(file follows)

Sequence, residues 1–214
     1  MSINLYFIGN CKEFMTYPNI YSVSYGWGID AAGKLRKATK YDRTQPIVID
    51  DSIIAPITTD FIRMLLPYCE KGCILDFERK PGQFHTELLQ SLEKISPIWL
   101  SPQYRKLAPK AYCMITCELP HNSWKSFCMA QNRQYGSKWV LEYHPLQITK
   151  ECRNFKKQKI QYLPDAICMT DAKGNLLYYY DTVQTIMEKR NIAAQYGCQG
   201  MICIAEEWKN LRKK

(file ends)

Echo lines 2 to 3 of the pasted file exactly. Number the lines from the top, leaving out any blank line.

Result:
     1  MSINLYFIGN CKEFMTYPNI YSVSYGWGID AAGKLRKATK YDRTQPIVID
    51  DSIIAPITTD FIRMLLPYCE KGCILDFERK PGQFHTELLQ SLEKISPIWL